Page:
Murphy, N.J. lawmakers agree to raise taxes on millionaires

Democratic leaders in the legislature have resisted the tax hike since Murphy became governor, but say the pandemic changed their minds.

New Jersey Gov. Phil Murphy

New Jersey Gov. Phil Murphy speaks to the press. (AP Photo/Noah K. Murray, File)

New Jersey millionaires are in for a tax hike.

Gov. Phil Murphy and top lawmakers in the Democrat-controlled state legislature on Thursday announced a deal to raise the income tax rate on people making more than $1 million and give $500 rebates to middle-class families.

“We do not hold any grudge at all against those who have been successful in life,” said Murphy, a former Goldman Sachs executive, who with his wife made $2.2 million in 2018 and more than that in previous years. “But in this unprecedented time when so many middle-class families and others have sacrificed so much, now is the time to ensure that the wealthiest among us are also called to sacrifice.”

Murphy had sought the so-called millionaire’s tax in his previous two budgets and has long called on wealthier residents like himself to pay their “fair share.” And even though some of the same leaders supported a millionaire’s tax back when Republican Chris Christie was governor, during Murphy’s tenure top Democrats in the legislature had balked at the idea until now. He got a partial victory when legislators agreed to increase the tax rate on those making more than $5 million.

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But lawmakers who had been trying to avoid hiking taxes on millionaires said it is now the best way to offset the financial woes brought on by the coronavirus pandemic, which disproportionately impacts lower-income residents.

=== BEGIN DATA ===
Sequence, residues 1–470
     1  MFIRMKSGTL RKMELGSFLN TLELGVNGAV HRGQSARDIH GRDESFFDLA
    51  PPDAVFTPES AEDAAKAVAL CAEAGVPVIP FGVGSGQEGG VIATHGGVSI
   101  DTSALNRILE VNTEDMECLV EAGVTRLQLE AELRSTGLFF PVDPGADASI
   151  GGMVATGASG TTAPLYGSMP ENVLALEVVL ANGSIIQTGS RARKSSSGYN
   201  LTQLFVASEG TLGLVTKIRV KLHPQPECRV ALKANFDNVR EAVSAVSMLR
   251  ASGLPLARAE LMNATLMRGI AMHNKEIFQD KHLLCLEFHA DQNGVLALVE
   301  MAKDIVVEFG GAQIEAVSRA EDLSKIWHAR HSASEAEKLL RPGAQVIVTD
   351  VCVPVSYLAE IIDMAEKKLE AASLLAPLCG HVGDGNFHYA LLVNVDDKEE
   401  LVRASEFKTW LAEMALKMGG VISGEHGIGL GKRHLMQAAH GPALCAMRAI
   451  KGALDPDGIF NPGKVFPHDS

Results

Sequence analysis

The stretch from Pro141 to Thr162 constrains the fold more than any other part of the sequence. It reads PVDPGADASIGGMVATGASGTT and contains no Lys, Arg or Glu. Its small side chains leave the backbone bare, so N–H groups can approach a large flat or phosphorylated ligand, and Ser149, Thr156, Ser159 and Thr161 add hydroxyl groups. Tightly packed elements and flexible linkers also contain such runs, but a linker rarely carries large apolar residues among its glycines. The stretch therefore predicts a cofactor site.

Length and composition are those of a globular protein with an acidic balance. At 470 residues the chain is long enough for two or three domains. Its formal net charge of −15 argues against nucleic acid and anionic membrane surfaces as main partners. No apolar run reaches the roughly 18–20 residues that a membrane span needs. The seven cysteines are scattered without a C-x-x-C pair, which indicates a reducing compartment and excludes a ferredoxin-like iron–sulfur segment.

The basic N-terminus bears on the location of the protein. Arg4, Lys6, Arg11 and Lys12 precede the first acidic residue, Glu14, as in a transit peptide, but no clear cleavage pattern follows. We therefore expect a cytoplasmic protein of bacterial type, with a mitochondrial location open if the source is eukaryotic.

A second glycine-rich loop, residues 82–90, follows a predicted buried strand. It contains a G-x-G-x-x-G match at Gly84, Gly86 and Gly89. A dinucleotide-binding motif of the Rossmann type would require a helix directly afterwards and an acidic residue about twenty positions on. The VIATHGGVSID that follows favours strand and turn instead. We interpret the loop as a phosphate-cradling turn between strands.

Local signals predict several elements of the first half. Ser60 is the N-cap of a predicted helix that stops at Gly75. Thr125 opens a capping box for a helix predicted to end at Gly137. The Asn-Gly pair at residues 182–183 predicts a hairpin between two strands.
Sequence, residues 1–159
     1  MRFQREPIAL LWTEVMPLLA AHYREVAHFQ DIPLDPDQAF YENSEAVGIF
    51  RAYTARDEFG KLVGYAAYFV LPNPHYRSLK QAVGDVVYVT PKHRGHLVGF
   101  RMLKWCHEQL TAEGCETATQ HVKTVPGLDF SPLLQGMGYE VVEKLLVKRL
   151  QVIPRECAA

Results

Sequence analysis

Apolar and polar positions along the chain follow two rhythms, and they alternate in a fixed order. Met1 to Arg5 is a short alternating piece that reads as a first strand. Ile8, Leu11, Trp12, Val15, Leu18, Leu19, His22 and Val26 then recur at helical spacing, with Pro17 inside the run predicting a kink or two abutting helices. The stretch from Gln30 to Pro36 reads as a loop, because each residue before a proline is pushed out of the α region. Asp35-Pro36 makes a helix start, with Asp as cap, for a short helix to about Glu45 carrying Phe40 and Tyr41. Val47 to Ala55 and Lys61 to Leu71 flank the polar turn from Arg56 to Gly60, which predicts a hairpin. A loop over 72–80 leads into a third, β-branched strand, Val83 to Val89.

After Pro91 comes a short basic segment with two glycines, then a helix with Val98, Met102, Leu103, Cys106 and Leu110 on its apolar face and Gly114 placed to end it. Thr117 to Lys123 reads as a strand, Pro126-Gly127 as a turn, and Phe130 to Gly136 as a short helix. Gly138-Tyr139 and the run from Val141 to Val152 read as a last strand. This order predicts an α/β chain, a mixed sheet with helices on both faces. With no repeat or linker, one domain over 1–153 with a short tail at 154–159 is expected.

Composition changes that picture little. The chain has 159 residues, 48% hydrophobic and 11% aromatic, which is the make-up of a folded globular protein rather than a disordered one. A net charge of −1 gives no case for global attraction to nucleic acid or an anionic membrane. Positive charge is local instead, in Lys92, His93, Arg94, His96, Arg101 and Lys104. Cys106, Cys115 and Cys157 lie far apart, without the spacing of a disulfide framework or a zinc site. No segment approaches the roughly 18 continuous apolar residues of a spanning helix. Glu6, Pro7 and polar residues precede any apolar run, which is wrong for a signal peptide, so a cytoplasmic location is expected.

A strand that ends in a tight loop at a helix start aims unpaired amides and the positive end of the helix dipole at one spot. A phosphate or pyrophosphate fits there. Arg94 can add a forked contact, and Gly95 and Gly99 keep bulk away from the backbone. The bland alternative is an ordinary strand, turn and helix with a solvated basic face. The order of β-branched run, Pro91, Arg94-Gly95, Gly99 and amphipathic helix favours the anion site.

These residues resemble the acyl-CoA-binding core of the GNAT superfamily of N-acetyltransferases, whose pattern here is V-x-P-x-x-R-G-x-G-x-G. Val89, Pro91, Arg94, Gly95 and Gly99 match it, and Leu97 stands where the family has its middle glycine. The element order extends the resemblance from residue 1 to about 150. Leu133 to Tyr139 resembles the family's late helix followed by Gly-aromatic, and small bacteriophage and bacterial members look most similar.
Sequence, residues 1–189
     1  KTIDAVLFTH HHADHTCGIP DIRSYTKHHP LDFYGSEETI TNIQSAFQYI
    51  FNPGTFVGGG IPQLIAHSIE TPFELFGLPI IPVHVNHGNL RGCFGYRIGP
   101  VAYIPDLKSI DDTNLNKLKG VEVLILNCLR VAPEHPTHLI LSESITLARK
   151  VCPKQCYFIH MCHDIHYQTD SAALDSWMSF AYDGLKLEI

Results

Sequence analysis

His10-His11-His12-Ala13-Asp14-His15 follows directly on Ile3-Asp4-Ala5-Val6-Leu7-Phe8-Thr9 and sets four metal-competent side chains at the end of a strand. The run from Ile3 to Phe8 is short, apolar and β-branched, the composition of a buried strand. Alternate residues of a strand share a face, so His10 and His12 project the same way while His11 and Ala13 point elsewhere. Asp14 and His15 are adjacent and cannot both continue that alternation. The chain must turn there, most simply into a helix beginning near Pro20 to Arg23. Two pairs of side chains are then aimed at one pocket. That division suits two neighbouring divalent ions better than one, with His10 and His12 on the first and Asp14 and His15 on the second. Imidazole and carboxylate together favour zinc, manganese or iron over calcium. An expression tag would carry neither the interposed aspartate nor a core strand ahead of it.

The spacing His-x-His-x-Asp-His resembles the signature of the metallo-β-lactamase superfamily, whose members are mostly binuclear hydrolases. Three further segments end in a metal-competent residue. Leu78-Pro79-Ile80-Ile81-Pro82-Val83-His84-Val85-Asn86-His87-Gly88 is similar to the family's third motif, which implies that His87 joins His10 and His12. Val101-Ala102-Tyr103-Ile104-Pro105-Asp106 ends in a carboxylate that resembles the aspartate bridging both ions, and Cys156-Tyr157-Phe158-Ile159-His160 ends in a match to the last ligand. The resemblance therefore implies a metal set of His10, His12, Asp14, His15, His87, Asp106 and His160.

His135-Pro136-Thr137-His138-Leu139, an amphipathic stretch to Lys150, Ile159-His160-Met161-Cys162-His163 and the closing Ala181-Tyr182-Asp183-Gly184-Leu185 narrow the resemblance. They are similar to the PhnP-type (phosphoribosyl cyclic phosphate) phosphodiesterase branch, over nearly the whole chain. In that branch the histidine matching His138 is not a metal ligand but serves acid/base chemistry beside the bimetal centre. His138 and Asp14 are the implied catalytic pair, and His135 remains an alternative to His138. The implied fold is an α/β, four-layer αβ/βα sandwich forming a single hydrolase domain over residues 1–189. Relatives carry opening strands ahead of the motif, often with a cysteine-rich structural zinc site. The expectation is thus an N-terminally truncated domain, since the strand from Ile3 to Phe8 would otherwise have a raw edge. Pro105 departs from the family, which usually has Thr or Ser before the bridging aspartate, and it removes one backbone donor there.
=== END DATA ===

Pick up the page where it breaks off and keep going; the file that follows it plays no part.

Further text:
“I’ve vocally resisted the millionaire’s tax for years. And it wasn’t a political thing about the governor or me,” said state Sen. Pres. Steve Sweeney (D-Gloucester), who has regularly clashed with Murphy. “But the pandemic hit, and things have changed. We have to face the reality that a lot of families are hurting here.”

Republican lawmakers and business groups, which have opposed the millionaire’s tax proposal in the past, slammed the deal announced Thursday.

“Governor Murphy’s plan to raise taxes is a gift for the Florida economy and a nightmare for New Jersey,” said Assembly Minority Leader Jon Bramnick (R-Union). “Passing another ill-conceived tax will make outmigration worse and shift the tax burden onto the middle-class when others leave.”

The proposal, which is part of the nine-month fiscal year budget Murphy announced in August, would increase the income tax rate on people making between $1 million and $5 million from 8.97% to 10.75%. People who make more than $5 million already pay the higher rate.

The state treasury estimates that the millionaire’s tax could raise $390 million in the coming fiscal year.

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The tax hike on millionaires will enable the state to give rebates of up to $500 to two-parent households with incomes below $150,000 and single-parent households with annual incomes below $75,000 who have at least one child. Officials said 800,000 New Jersey households would qualify for the rebate.

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